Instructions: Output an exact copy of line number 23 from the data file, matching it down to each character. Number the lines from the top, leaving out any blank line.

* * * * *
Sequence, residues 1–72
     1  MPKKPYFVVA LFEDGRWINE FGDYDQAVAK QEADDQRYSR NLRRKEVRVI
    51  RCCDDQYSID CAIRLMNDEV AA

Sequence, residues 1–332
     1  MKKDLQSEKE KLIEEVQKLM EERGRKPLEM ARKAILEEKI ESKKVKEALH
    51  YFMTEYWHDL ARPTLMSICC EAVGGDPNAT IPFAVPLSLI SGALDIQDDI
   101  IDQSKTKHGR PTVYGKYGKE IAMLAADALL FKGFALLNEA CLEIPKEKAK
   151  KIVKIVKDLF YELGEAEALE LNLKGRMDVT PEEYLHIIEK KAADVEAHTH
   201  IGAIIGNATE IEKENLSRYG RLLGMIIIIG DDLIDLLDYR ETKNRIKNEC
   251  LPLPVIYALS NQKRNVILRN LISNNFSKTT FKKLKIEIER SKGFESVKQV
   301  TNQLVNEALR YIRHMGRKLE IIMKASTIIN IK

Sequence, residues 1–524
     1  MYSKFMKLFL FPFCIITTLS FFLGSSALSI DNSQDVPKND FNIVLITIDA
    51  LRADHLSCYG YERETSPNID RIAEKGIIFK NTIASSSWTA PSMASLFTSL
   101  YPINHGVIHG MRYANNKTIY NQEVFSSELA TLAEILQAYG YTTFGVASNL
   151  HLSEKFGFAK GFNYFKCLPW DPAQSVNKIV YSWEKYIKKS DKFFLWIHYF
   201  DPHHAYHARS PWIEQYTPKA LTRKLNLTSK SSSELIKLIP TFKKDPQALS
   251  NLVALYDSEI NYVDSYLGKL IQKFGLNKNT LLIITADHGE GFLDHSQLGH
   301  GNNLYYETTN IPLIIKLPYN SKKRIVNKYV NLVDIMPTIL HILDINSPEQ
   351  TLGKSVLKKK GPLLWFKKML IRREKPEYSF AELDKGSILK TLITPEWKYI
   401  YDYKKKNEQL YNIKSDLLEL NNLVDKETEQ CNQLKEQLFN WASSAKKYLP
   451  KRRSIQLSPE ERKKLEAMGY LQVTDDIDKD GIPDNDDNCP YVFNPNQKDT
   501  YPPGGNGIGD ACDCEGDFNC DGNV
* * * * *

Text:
   501  YPPGGNGIGD ACDCEGDFNC DGNV